Friendsgiving: Celebrating Community

Friendsgiving pic

Friendsgiving is a yearly holiday that Matt and I celebrate each year in November. Its purpose is to recognize our community, neighbors, and friends who have been important people in our lives. As members of the LGBTQ community we recognize that having supportive families is not a given. In fact, being a member of the LGBTQ community makes it much more likely that one will not be accepted (or at least understood) by one’s family, as it is very unlikely that one’s parents are also part of that community.

Friendsgiving, for us, is a celebration of the support we have received from these important people. Over the years, Matt and I have celebrated Friendsgiving in a number of ways and on different days some years we have hosted dinners prior to Thanksgiving in the hopes that we could prepare our friends for a respite just before the holidays to give them the stamina to get through. Some years we would host a dinner after Thanksgiving to give our guests the opportunity to take a breather, and seek support if they needed it, before returning to preparation for the winter holidays.


Maybe building a stronger community is a result of being in the LGBTQ community, knowing what it is like to feel as though you have no community; or if it was a value that we held innately. I know I started to understand the value of community in cub/boy scouts, and continued by starting the gay straight alliance in high school. In this capacity, I got others involved in canned food drives, the Walk for the Homeless, and the AIDS walk. In my twenties I facilitated an LGBTQ support group for teens, and volunteered at the crisis hotline. Even my selection to be a mental health therapist was fueled to better our community. I have even grown out my hair to donate it for those suffering from cancer.

Matt and I have always made it a point to try and build a strong community around us. Whether that be through events such as Friendsgiving or giving back in other ways. Matt has volunteered to work on the board of the HOA and I have attended a number of meetings and helped conduct the yearly property inspections (and trust me, no one appreciates this job…. So many glares). Matt also has taken great joy in introducing those in our community to new board games, Disney trivia, and general movie trivia. He also believes very much in keeping people safe. He has been doing this most of his life. In college he worked as an RA to achieve this. As an RA he also supported community growth and cohesion through various events and activities for his residents. Matt has also looked at friends’ homes to help them assess repairs needed to keep them safe. Matt regularly helps out our neighbors, whether it’s shoveling snow or walking dogs.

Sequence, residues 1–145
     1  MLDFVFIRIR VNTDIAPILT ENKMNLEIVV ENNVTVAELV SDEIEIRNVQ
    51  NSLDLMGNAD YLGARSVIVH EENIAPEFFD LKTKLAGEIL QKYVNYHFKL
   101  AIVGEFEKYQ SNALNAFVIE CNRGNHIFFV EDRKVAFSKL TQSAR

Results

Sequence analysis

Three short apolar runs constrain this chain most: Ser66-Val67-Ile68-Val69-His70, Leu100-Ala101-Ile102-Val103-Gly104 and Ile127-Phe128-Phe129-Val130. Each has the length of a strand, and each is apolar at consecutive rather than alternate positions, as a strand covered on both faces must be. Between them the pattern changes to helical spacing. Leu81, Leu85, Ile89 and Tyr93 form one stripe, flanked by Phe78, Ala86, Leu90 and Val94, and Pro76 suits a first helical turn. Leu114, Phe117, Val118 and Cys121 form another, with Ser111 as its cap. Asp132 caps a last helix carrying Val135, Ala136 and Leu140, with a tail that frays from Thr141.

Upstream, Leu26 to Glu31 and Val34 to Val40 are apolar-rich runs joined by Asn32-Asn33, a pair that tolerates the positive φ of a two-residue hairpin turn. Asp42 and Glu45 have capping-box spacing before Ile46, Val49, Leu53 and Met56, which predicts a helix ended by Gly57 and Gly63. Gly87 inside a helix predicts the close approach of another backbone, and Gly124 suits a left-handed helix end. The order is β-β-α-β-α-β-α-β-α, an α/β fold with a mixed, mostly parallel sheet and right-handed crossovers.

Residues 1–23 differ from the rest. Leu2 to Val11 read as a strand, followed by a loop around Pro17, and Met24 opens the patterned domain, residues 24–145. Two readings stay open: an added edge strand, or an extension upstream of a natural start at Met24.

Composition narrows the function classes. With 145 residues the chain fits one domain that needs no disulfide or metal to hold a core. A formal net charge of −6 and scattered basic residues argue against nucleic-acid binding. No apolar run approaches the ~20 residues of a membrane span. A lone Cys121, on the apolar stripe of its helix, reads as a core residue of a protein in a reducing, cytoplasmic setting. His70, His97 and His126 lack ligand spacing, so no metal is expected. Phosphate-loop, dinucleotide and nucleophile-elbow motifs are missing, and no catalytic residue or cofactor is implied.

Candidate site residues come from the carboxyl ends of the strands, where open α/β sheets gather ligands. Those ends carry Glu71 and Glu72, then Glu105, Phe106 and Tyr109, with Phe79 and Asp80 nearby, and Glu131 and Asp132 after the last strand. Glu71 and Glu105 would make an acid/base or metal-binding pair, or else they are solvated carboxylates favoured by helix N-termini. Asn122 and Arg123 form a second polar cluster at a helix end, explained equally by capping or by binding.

Through our networking with our community, neighbors, and friends, our social network grew. Due to our expanding support network, Matt and I realized that we would be unable to host a dinner for all the important people in our lives just due to a lack of space. After some discussion, we decided to send out a Friendsgiving letter.

We decided that the letter would be the best way to announce that we would be officially embarking on our quest to become parents. This probably does not surprise many of our friends, as they have heard me discussing this for years. For some, even prior to my meeting Matt. But for others, the friends we are unable to see frequently, this may be big news.

It was a hard decision, not because we thought it was a difficult announcement to make, but because we knew that we needed assistance. Our friends know that this is something that is difficult for us. We have always cherished our friends and have never wanted to put any burden on them, and at the same time, we felt as though we had little choice. We needed help and that was exactly what these wonderful people would be willing to provide. But that didn’t make it any less difficult to accept it.

We really want to take this time to reiterate how important each of you are to us, and that just because we are in need of assistance at this point in time, that we are still here to support you. You are our friends, neighbors, and community. But you are also more than that. You are our family.

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